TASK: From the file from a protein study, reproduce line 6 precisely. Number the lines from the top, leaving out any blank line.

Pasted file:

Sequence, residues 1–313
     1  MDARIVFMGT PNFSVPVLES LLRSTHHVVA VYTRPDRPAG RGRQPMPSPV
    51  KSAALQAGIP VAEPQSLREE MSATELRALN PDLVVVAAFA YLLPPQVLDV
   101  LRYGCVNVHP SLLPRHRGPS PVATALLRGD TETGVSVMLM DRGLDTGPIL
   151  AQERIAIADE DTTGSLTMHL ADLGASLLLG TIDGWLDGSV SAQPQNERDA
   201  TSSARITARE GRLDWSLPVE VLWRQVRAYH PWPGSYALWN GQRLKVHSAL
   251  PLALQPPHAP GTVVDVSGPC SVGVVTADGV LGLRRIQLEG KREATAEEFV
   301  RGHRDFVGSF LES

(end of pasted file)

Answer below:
   201  TSSARITARE GRLDWSLPVE VLWRQVRAYH PWPGSYALWN GQRLKVHSAL